The US-China rivalry drives the market economy backwards

Old ideas are like old clothes – wait long enough and they will be back in fashion. Thirty years ago, “industrial policy” was almost as fashionable as bowler hats. But now governments around the world, from Washington to Beijing and from New Delhi to London, are rediscovering the joy of subsidies and praising it. Economic self-reliance And “strategic” investments.

The significance of this development goes beyond economics. The international embrace of free markets and globalization in the 1990s merged with declining geopolitical tensions. The Cold War was over and the government continued to compete to attract investment without dominating the region.

The resurgence of geopolitical rivalry is now driving a new fashion for state intervention in the economy. As trust between the United States and China declines, so does the dependence on any important product – semiconductor or other Rare-earth minerals – As a dangerous weakness. Security of domestic production and supply is the new watchword.

As the economic and industrial struggles intensify, so does the United States Forbidden Pushing for the export and repatriation of key technologies to China Supply chain. It is also moving in a direct direction State-funded Semiconductor production. As part of that, China is a “Dual circulation “ Economic policy that emphasizes the achievement of domestic demand and “major advances in core technology”. Xi Jinping’s government is also strengthening State control On the technology sector.

Arms competition is being argued, as each side justifies its move towards protectionism in response to the other party’s actions. In Washington, DC Strategic Competition Act, Currently leaning this path through Congress, accuses China of pursuing “state-led mercantilist economic policies” and industrial espionage. Beijing’s 2015 announcement “China Made in 2025”Industrial strategy is often referred to as a turning point. In contrast, Beijing argues that a faded America stands against globalization to prevent the rise of China. President Xi says the counter to globalization in the West means China needs to do more Self-reliant.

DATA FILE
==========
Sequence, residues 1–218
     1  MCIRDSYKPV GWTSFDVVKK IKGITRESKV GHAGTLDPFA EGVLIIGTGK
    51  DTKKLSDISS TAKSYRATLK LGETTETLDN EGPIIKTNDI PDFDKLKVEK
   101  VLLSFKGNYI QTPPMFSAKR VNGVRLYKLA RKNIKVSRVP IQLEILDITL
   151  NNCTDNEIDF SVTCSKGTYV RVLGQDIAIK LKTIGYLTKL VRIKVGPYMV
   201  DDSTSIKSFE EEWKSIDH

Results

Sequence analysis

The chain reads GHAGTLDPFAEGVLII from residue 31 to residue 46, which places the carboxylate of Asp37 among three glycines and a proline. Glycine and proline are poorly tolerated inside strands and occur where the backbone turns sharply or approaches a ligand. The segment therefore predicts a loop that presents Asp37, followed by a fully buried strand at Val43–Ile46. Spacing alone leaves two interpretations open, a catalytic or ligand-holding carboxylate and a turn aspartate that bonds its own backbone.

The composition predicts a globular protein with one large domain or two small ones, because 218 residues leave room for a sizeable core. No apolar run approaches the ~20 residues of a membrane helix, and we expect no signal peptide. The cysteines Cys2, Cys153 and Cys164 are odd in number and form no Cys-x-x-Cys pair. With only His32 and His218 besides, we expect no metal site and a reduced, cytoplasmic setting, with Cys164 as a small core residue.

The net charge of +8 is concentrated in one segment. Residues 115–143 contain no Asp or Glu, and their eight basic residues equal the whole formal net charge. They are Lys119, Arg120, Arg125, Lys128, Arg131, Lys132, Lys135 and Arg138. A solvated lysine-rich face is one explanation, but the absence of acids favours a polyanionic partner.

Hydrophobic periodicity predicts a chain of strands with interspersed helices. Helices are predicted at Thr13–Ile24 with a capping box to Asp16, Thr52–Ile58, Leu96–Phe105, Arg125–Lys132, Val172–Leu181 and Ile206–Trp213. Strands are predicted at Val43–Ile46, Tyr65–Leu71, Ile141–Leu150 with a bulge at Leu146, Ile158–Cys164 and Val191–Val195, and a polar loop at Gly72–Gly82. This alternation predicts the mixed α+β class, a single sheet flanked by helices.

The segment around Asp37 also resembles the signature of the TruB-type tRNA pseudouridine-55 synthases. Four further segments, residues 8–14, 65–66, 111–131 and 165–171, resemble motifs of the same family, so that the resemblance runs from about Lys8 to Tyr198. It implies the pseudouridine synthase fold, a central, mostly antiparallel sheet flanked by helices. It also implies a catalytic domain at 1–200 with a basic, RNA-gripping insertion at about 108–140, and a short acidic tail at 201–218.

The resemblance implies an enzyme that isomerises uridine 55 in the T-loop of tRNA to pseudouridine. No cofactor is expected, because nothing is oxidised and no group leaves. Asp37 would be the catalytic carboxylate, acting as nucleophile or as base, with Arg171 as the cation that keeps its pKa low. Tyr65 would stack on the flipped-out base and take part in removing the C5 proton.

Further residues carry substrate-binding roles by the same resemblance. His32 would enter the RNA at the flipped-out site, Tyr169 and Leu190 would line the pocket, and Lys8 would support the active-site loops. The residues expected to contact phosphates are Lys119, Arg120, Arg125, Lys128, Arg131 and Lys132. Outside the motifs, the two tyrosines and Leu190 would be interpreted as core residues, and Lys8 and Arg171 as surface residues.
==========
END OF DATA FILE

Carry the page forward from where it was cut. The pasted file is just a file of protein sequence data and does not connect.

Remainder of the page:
The new emphasis on industrial strategy is not limited to the United States and China. In India, Narendra Modi’s government is promoting a policy Filled with self-relianceT (self-sufficient India), which encourages domestic production Original product. The EU has published a paper Industrial strategy Last year, which has been seen as part of a drive towards strategic autonomy and less reliance on the outside world. The President of the European Commission is Ursula von der Lane Is called There is “expertise and ownership over key technologies” for Europe.

Even a conservative administration in Britain, led by former Prime Minister Margaret Thatcher, is turning its back on the Lassage Fire economy and seeking to protect the strategic industries. Whether the government is reviewing it Block Sale of UK chipmaker arm to Nvidia in the US. The UK government has also bought control of the failed satellite business, OneWeb

The Covid-19 has strengthened the fashion for industrial policy. Increasing domestic production of vaccines is being seen as an important national interest. Even they decree “Vaccine nationalism“Elsewhere, many governments have moved to limit exports and build domestic suppliers. Learning about national resilience from epidemics can now be applied to other areas, from energy to food supplies.

The national security argument regarding industrial policy in the United States is forging a massive response against globalization and free trade. Joe Biden’s statement is clearly protectionist. President Announced to Congress: “All investments in the American Jobs Plan will be governed by one principle: Buy American”

In a Articles Last year, Mr Biden’s national security adviser, Jake Sullivan, urged the security agency to “go beyond the neoliberal economic philosophy of the past 40 years” and recognize that “industrial policy is deeply American.” He argued that the United States would continue to lose China to key technologies such as 5G and solar panels, “if Washington relies so heavily on private sector research and development.”

Many of these arguments will seem like common sense to voters. Protectionism and state intervention often occur. But free market economists are disappointed. Swaminathan Iyer, eminent Indian commentator, Lament Returning to the failed ideas of the past, he argued: “What Nehru and Indira Gandhi tried to do in the 1960s and 1970s was self-sufficiency. It was a horrible and terrifying flop. Adam Pozen, President Peterson Institute For the international economy in Washington, recently Decreed “America’s self-defeating economic retreat,” argues that policies aimed at ending costly failures to build selected industries or regions.

As tensions rise between China, the United States and other major powers, it is understandable that these countries will look at the security implications of key technologies. But politicians claim that industrial policy will also create better-paying jobs and that a more productive economy is conducive to deeper skepticism. Sometimes the idea goes out of fashion for some reason.

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